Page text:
Does your small business need a mobile app to stay competitive?

If you listen to the growing chorus of small-business owners, going mobile is becoming a necessity

By Christopher Null, PC World |  IT Management, mobile apps

Or consider the app developed by MyMovingReviews, a website that rates and reviews moving companies. The companys My Move app, which helps consumers plan and execute a move, took $24,000 and five months of hard work, says manager Martin Panayotov. The company used an eastern European software outfit to build an iOS-only app, which the company initially sold for $2 a pop. Now the app is free, and last year My Move was ported to Android, a much cheaper prospect since the legwork had already been done. Still, for My Move, its an iOS world: The iPhone app greatly outperforms the Android one, no matter that Apple holds about 20% of the smartphone market, says Panayotov.

At the far end of the spectrum youll find Brightleaf, which spent an estimated $300,000 to build a mobile app and a back-end system for its customers (attorneys) to use when drafting forms and documents for their clients. Its a complex system, but Brightleaf offers it to customers for free. We give the mobile stuff away & but we make our money when lawyers want to use the full, paid version of Brightleaf to modify, customize, and publish their own forms, says Luke OBrien, the companys VP of strategy.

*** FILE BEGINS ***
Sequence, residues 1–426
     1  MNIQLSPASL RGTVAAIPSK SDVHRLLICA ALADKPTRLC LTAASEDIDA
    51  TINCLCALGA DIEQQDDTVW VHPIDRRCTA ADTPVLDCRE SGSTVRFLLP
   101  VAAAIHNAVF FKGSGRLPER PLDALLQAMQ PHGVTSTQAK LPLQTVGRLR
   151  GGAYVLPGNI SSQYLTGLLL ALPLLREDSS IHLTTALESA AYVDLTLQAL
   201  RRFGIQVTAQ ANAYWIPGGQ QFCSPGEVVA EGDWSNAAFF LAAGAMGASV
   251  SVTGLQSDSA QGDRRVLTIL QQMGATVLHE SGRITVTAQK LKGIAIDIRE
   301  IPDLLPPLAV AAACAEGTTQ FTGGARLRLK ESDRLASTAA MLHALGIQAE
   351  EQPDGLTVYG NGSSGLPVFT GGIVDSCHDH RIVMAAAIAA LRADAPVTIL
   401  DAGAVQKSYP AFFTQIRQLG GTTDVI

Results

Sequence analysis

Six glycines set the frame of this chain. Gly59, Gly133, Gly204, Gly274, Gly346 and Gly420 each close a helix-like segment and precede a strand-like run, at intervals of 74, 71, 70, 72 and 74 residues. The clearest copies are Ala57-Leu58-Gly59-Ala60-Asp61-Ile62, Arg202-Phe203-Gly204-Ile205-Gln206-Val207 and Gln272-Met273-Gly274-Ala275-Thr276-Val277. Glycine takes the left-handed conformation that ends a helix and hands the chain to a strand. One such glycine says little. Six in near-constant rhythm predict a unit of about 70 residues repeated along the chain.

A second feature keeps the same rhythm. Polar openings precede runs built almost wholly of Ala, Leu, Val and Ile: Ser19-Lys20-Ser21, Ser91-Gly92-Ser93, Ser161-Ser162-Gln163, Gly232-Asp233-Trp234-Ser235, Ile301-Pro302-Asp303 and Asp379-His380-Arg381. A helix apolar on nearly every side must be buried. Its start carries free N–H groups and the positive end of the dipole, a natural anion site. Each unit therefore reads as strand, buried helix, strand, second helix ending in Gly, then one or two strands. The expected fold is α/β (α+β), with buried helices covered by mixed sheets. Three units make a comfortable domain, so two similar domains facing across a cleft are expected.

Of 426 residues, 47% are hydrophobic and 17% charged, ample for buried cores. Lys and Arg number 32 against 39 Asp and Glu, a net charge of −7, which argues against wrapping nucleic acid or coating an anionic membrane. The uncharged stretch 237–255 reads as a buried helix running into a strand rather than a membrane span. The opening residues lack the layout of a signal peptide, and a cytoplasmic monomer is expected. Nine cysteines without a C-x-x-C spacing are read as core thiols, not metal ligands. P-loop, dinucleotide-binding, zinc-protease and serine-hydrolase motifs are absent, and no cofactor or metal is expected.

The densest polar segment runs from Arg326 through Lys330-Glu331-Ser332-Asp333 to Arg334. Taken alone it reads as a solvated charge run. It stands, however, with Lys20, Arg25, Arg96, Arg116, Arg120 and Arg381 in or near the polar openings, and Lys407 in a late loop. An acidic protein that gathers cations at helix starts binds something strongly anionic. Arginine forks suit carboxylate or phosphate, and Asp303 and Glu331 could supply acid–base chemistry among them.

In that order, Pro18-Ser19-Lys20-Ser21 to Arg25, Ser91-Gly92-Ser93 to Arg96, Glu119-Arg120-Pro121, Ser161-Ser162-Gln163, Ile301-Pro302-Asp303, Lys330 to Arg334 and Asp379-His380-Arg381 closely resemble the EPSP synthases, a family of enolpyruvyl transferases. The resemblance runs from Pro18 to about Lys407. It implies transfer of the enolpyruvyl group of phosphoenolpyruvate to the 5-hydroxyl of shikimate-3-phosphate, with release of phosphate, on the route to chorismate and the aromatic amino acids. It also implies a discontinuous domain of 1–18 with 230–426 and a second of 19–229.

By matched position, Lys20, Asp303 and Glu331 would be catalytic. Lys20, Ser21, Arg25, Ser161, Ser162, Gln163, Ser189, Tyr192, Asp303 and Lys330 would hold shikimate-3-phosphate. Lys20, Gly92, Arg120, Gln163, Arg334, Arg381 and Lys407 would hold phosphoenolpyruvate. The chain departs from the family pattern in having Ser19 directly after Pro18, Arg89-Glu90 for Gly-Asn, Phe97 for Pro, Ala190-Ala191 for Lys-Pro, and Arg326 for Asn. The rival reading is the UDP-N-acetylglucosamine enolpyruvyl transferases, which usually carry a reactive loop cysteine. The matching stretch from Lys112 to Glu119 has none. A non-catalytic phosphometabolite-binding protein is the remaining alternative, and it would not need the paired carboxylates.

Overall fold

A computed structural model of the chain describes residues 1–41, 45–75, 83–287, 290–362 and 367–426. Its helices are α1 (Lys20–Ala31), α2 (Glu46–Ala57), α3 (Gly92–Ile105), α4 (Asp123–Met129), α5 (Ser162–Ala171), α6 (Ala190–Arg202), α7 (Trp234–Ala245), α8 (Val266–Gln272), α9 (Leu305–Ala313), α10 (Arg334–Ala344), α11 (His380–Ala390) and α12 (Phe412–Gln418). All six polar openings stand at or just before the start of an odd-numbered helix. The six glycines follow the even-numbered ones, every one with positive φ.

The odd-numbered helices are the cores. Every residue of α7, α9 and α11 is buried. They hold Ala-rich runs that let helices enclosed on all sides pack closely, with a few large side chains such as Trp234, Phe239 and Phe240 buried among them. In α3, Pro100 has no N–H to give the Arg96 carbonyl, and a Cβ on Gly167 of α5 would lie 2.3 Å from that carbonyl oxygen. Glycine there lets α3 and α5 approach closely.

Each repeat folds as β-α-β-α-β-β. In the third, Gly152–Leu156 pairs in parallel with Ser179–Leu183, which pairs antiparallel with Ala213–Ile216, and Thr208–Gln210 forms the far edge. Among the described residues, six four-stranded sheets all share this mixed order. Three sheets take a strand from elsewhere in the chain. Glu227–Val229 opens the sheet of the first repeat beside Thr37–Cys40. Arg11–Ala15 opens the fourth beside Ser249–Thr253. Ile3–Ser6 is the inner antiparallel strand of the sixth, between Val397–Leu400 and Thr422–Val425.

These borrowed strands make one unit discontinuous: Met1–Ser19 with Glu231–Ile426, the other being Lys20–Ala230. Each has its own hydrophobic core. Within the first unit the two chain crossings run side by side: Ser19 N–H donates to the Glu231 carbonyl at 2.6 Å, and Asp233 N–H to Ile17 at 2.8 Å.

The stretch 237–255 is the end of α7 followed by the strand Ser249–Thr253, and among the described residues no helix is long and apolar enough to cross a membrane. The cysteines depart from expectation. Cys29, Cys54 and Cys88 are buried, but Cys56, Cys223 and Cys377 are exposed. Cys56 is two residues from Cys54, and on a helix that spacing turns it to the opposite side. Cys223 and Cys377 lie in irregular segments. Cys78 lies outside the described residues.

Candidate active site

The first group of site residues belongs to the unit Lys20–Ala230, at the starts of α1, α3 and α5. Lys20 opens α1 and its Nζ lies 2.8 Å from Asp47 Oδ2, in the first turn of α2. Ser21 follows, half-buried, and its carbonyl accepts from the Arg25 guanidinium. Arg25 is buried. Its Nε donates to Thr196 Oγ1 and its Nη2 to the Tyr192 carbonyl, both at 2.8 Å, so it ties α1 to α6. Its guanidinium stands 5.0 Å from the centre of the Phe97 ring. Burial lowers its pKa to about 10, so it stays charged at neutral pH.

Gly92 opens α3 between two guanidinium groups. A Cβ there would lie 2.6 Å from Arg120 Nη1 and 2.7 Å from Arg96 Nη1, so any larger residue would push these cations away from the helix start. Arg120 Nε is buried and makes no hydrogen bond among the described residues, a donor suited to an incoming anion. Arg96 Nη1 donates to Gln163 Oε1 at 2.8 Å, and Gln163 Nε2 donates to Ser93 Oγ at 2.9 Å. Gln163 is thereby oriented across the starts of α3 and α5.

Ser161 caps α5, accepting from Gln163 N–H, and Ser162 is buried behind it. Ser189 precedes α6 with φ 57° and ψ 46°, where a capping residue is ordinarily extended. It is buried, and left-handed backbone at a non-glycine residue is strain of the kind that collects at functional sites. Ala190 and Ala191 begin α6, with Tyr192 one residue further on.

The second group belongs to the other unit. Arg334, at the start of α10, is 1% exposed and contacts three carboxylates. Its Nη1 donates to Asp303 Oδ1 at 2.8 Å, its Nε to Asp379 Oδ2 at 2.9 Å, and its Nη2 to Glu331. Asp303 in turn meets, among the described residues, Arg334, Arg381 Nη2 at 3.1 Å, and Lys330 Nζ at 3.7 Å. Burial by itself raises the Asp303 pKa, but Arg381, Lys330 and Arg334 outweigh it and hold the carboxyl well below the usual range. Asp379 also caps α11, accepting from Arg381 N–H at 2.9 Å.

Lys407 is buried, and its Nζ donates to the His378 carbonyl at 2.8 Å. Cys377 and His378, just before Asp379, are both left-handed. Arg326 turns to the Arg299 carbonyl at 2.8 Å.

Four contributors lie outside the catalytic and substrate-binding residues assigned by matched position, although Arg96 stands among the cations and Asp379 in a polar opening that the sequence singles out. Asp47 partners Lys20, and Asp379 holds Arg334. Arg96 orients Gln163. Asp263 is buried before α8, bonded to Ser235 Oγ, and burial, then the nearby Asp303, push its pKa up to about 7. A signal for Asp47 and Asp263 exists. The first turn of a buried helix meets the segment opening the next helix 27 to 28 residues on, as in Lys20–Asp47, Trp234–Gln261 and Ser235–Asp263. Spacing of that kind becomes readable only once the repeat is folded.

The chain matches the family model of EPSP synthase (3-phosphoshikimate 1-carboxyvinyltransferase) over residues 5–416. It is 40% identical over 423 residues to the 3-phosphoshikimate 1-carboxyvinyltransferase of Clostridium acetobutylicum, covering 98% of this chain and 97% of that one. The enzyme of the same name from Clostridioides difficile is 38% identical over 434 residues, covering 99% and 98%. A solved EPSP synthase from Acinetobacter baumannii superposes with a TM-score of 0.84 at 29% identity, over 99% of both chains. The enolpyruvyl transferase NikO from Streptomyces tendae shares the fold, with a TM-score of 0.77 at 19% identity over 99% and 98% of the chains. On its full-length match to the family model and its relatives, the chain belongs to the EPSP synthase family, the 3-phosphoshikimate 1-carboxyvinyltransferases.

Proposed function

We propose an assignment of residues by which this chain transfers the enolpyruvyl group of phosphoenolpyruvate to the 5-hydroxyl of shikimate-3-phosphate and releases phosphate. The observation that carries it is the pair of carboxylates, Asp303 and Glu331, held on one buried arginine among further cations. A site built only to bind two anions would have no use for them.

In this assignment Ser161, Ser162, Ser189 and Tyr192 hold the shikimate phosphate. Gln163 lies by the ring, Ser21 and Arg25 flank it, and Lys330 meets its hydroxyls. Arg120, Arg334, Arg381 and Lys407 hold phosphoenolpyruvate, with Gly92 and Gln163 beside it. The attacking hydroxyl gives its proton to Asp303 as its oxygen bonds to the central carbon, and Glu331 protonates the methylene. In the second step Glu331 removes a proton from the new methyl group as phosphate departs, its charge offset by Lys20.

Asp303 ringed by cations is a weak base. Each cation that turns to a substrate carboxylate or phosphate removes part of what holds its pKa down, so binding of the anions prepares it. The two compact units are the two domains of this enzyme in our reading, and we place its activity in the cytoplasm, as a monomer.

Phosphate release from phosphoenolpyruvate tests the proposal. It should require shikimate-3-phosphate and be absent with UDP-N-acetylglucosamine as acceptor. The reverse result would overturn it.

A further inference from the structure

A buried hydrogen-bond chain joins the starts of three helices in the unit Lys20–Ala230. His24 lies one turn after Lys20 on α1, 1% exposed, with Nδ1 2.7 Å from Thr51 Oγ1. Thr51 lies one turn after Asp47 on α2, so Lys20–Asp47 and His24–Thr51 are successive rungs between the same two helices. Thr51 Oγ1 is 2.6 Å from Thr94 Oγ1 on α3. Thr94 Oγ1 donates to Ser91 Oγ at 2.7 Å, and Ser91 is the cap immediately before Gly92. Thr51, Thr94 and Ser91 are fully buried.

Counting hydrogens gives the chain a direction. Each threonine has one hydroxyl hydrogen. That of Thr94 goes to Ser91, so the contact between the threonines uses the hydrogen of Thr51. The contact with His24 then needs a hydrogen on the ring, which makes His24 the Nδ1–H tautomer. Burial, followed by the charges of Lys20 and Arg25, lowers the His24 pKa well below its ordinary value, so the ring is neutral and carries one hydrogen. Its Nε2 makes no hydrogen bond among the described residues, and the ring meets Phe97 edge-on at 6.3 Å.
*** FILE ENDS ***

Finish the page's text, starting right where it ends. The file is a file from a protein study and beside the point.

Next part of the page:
If your mobile ambitions are a bit more basic, several DIY app-building services are available, such as JamPots TheAppBuilder. These services take much of the hassle out of app development by letting business owners create apps through a variety of what-you-see-is-what-you-get templates, and the results can be surprisingly slick. Cost varies depending on the service; most charge one-time creation fees, and many impose monthly maintenance fees. Youll also be on the hook for the developer-registration fees for whatever platforms your app resides on. Google charges a one-time $25 fee, whereas Apple and Microsoft require a yearly $99 developer subscription.

Such services arent cheap, but theyre often less expensive than hiring a dedicated developer. Just pay attention to the recurring monthly fees and determine whether it might make more fiscal sense to pay the up-front premium for a developer, to avoid being bled by repeat charges over the long haul. If you have a truly unique app in mind, you'll almost certainly have to hire a professional.

Whats the payoff?

Small-business owners have never been much for analyzing return on investment, and the world of mobile apps is no different. It should come as no surprise that unless youre selling goods or trying to make money by selling the app directly, measuring ROI is difficult.


Originally published on PC World |  Click here to read the original story.
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